The solution to motorcoach fires: inspection, detection and notification
By Christopher W. Ferrone
Bus fires continue to be a pervasive problem for our industry. Speaking before the recent Commercial Vehicle Safety Alliance (CVSA) safety summit in Washington D.C., I presented on the precise causes and origins of motorcoach fires, noting that insurance and government data indicate that across the United States two buses on average catch fire each day.
Not even the most conscientious operators can 100 percent prevent a fire from breaking out due to anomalies and circumstances totally out of their control. But in my mind, two fires a day is still unacceptable. I hope it is to the industry as well.
With diligent maintenance and recent technology, the bus and motorcoach industry can reduce the number of fires per year to a more acceptable level.
I came away from the CVSA conference believing we will further strive to reduce fires through proactive preventive measures such as critical inspections, along with new detection and notification methods that track the causes and triggering elements that lead to a fire.
My research indicates the greatest percentage of the root causes of fires relate to either wheel bearings and tire fires or to the alternator. Of the many other sources and causes, these two are the most pronounced and deserve an operator’s closest scrutiny.
U.S. Department of Transportation (DOT) members at the conference understood my emphasizing pre/post trip inspection of the wheel bearing and hubcap oil level. I was particularly careful to note that many operators cannot view the hub cap oil level due to the fact that the sight glass has been obstructed by either paint (photo 1), or by a vanity chrome center cap (photo 2) completely covering the hubcap.
This discussion raised the suggestion to go so far as to make this a CVSA or DOT inspection item, giving the inspectors the authority to place a vehicle out of service if for any reason the hubcap sight glass does not allow the driver or inspector to see how much oil is in the hubcap and make any needed correction.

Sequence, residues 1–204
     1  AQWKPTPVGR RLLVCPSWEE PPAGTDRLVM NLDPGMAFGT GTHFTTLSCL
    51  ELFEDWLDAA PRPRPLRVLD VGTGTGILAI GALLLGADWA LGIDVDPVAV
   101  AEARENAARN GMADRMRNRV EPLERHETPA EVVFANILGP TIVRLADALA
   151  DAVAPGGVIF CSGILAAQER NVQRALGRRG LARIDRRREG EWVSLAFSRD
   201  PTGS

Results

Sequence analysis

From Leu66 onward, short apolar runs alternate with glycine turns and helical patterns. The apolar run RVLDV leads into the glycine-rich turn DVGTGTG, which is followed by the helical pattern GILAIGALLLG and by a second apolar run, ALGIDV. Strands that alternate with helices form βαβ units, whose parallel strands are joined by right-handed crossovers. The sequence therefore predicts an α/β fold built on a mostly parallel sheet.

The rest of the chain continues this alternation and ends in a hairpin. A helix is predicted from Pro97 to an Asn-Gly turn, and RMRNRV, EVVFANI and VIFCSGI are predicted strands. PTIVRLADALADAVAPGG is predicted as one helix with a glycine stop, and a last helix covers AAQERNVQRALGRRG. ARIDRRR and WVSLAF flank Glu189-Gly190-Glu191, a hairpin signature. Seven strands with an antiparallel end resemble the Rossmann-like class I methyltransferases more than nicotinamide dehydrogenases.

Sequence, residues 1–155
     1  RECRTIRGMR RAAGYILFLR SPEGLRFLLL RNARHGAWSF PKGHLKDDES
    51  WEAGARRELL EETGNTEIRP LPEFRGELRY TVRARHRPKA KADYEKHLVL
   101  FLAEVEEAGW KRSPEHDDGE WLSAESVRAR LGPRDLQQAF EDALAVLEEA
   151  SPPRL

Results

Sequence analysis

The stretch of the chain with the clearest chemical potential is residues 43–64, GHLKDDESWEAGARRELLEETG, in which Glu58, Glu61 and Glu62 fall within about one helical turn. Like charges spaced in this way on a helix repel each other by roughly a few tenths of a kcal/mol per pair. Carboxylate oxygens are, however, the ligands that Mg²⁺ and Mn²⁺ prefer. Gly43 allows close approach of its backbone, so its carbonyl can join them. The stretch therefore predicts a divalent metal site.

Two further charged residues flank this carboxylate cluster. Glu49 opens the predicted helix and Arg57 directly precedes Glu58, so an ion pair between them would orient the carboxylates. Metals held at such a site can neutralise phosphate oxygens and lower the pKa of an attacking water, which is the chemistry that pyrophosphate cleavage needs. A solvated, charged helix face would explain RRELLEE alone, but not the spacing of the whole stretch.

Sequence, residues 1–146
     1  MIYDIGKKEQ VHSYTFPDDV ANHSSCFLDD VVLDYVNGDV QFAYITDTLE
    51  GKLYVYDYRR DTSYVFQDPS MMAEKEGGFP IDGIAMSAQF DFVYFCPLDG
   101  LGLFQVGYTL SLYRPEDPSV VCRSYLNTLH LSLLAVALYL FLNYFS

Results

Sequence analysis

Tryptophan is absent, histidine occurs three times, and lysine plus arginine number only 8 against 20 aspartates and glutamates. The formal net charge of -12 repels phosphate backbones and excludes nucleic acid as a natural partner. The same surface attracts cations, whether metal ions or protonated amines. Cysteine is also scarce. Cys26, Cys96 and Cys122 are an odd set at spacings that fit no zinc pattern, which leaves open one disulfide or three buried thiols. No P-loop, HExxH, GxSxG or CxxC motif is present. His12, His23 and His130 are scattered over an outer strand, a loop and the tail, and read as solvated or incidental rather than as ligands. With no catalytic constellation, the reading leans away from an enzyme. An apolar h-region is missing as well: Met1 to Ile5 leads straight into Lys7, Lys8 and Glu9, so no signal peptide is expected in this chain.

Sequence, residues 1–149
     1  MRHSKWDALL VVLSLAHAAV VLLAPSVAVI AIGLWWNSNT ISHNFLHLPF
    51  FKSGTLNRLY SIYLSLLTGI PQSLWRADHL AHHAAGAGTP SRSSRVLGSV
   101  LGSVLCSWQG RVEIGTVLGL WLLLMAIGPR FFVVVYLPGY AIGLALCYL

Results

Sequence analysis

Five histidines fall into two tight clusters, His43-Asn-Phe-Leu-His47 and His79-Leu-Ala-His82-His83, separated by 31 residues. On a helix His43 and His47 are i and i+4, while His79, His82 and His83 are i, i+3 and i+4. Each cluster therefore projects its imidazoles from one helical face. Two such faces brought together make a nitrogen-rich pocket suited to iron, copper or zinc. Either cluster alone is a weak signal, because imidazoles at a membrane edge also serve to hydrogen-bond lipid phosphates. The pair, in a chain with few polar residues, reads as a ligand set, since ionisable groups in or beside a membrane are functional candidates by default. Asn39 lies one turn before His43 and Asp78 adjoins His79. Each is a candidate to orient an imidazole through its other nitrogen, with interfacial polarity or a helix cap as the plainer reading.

We posed questions in two separate areas to promote earlier detection. One, could OEMs develop and implement a sensor that could detect a hot wheel bearing early enough to alert the driver that a dangerous condition has occurred? Two, is technology available to detect an already hot wheel bearing or other thermal anomaly as the vehicle passes a controlled checkpoint such as a weigh station or toll plaza? Such information could be communicated to the carrier through identification using R.F.I.D. technology or law enforcement to notify the driver to stop.
From these questions two ideas moved forward during the conference. One suggestion was to redesign the ABS sensor to become temperature sensitive at a threshold that would indicate a hot wheel bearing well before it reaches the temperature critical enough to induce a fire, signaling the driver to stop the bus because there is a problem.
Such a sensor could be potted in a material that would melt at 300 degrees F. The sensor would fail and a warning device on the dash would indicate its status in plain sight of the driver. Anytime the ABS warning light comes on I recommend the driver immediately stop the vehicle and inspect the wheel-end. In some wheel-end designs an ABS warning light can indicate a bearing failure. On top of that, this new idea is to build in directly a fusible heat related ABS sensor or a dedicated sensor for wheel bearing/fire detection purposes. This could easily mount on the brake spider in close proximity to the ABS sensor location.
Next we discussed the dynamic method. International Electronic Machines (IEM) has developed a system that can determine temperatures and detect thermal anomalies of a heavy vehicle as it moves by the system at slow speed. Tested successfully in applications for roadside weigh stations, this system can detect hot wheel bearings (photo 3), hot brakes (photo 4) and overheated tires (photo 5), and could prove vital in detecting failed components on heavy vehicles as they move down the highway.
However, this technology is not cheap with mountains of logistics to address, such as where to place the sensing equipment to do the most good.
Zonar Systems, the company that developed the first electronic pre/post trip inspection process has an add-on in the development stages that will track and report to the carrier in real time some of the more prevalent triggers for fires.
Specifically, if the ABS warning light comes on, an electrical system failure due to a dead volt short, or the turbocharger boost pressure drops below expected levels, the Zonar communications system would report the occurrence to the carrier in real time using cellular technology and GPS. The Zonar system currently monitors the powertrain through the J-1939 communication link that is already onboard the vehicle.
Until all of this technology is fully developed and deployed, all operators need to continue vigilantly inspecting their vehicles as carefully as possible to reduce the mere possibility of a fire onboard.
Christopher W. Ferrone is president of Americoach Systems, Inc., Glenview, IL, an engineering firm specializing in transportation technology, analysis and engineering safety.